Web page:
It is a bumpy road for Bollywood to make its way to Pakistani cinemas! The Indian films not just have to go through tough, and sometimes unfair, censoring process but are also resisted by the local filmmakers and stakeholders. One occasion which always causes a rift between local and Bollywood releases is Eid-ul-Fitr, mostly known for a Salman Khan movie for last few years. This year around the attempts to stall the release of his upcoming film ‘Tubelight’ have already been started, even before its teaser is out.
According to The Express Tribune, the Pakistan Film Distributors Association and the Pakistan Film Producers Association, along with some local filmmakers, are trying to stall the release of ‘Tubelight’ on Eid in Pakistan. The reason behind these obstructive attempts is to support the local releases lined up for Eid. It is feared that the head-to-head contest with a Bollywood biggie would not be in interest of the local content makers. As it has often happened in the past, the local releases may not get their due share this time around as well.
According to the report, the protestors’ demands are in line with the Ministry of Information’s legislation of 2010 that forbids release of any Indian film on a Muslim festival. They are planning to prevent the release of ‘Tubelight’ by moving the ministry to not provide it a NOC and write a letter to the Prime Minister as well. According to the sources, they held a meeting in Lahore wherein they decided to stage a protest to stop ‘Tubelight’ from being released on Eid. They have also decided to take the matter to the court if needed.
This year quite a few Pakistani films are slated to release on Eid-ul-Fitr. The films with confirmed release dates are ‘Yalghaar’, ‘Mehrunisa V Lub U’ and ‘Geo Sir Utha Kay’. The other speculated projects are ‘Jhol’ and ‘Shor Sharaba’. If Salman Khan starer ‘Tubelight’ is released along with these movies, then, naturally, it will badly affect their businesses.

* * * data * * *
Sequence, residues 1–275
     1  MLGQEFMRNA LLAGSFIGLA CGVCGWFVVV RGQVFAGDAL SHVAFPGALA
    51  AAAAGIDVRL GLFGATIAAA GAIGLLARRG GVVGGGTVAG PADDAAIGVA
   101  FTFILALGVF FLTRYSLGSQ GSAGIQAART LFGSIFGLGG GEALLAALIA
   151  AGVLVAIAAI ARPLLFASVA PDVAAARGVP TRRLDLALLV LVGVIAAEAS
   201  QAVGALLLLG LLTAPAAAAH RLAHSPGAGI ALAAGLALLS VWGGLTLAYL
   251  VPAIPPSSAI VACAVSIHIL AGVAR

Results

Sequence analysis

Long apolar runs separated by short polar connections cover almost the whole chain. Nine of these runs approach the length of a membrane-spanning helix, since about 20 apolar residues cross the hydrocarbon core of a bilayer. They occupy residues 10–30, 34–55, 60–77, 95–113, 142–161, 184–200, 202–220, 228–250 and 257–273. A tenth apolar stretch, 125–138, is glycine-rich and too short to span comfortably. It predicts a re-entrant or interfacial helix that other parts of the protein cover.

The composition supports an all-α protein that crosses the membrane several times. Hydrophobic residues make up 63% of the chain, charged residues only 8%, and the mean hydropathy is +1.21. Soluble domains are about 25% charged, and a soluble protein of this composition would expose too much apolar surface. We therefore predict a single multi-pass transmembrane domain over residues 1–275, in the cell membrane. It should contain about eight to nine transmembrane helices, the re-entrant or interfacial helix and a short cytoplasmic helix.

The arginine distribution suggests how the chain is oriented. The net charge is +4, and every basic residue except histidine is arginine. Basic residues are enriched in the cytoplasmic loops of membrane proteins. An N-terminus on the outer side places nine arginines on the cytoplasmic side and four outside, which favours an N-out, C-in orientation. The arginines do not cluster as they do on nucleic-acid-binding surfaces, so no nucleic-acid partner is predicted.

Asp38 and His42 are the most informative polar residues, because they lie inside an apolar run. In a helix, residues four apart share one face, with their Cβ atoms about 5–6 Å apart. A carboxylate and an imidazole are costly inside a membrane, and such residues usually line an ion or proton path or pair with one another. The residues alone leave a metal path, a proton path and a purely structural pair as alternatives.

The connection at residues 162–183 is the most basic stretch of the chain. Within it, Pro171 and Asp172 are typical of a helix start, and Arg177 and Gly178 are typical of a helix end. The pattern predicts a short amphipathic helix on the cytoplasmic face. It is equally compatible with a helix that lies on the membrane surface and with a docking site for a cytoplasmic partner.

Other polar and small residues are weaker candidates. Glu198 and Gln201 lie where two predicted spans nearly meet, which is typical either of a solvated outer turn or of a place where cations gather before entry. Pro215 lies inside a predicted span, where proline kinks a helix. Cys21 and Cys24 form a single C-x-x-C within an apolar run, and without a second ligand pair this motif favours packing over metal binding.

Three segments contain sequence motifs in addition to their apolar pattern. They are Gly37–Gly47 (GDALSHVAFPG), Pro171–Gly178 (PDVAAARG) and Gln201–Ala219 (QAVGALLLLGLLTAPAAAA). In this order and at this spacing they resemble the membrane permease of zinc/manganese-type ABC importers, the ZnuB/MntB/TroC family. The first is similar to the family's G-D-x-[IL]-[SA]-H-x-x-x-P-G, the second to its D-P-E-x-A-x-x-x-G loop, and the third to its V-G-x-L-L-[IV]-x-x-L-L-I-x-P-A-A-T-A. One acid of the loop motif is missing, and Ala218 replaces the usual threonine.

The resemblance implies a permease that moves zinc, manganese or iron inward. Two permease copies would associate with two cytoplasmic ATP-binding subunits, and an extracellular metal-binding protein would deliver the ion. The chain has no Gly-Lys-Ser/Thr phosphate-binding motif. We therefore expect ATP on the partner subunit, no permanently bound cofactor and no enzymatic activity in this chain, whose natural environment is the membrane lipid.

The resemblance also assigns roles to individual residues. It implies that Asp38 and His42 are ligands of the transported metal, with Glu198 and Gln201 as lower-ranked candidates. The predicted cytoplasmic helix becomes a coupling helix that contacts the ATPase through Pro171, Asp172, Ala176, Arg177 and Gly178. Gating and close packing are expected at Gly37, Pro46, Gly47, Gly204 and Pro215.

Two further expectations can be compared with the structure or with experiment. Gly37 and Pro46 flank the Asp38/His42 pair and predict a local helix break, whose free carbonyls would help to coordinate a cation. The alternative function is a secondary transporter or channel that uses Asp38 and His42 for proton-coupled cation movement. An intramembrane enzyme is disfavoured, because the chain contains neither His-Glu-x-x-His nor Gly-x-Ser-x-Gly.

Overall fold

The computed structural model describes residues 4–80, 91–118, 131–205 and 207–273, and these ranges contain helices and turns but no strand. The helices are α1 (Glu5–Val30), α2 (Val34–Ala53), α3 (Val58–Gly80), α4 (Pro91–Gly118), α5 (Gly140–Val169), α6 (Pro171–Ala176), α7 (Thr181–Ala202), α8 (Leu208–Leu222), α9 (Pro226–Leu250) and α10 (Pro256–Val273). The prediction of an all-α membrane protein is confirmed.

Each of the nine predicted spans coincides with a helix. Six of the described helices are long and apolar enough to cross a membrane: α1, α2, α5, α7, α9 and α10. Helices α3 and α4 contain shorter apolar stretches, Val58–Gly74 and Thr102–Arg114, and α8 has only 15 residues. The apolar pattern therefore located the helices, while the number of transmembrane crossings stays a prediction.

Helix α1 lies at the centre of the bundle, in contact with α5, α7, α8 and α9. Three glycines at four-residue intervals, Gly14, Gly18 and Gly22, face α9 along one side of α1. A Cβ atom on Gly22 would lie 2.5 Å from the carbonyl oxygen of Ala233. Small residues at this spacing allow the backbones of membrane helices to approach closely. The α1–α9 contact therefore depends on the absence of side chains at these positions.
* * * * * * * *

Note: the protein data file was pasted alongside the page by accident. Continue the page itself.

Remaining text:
Historically, Salman Khan’s movies have always ruled the local box office. The most recent examples are Eid releases of last two years, ‘Sultan’ (2016) and ‘Bajrangi Bhaijaan’ (2015). Bajrangi was released with two Pakistani films ‘Bin Roye’ and ‘Wrong No.’, which did well at the box office despite having a cut-throat competition. On the other hand, Sultan was released without any major Pakistani film hitting the theaters.
The trepidations of the opposers of ‘Tubelight’ carry some weigth, but its not the whole case. In reality, the simulatenous release of Bollywood and Lollywood movies has been beneficial for all parties in the past. Pakistani movies, which are much smaller in scale than their Bollywood counterparts, have not been able to get the massive footfall on their own in most of the cases. The cinemas are made houseful when the viewers have a choice to make between Salman Khan and Humayun Saeed. This worked in case of ‘Bajrangi Bhaijaan’ and ‘Bin Roye’ in 2015.
There are fairly enough chances that this dynamic will work this Eid as well, provided all films get their fair share.
The release of Indian movies in Pakistan has become a thorny business especially after the ban of Pakistani artists to work in India post Uri attack. The ban resulted in the suspension of Indian movies, self-imposed by Film Exhibitors Association of Pakistan, in Pakistan in October last year. The moratorium on Bollywood films lasted for four months until Government of Pakistan formally allowed the release of Indian movies earlier this year in February.
The nod of Federal Government to Bollywood movies was not enough to determine the fate of long awaited and highly speculated Shahrukh Khan-Mahira Khan starer ‘Raees’ in Pakistan. The film got banned by the Central Board of Film Certification for the reason of depicting Muslims in bad light.
It would be only a matter of time to see if ‘Tubelight’ suffers the same fate. The film is a period drama set against the backdrop of the Sino-Indian war of the 60s. It is highly probable that if the film is against China then it might get banned in the light of Pakistan-China friendship. On the other hand, if the content is not objectionable to the authorities then it would have to face the wrath of local filmmakers and film associations who have joined hands to obstruct its release at least on Eid.
Let us wait and see how the dust settles.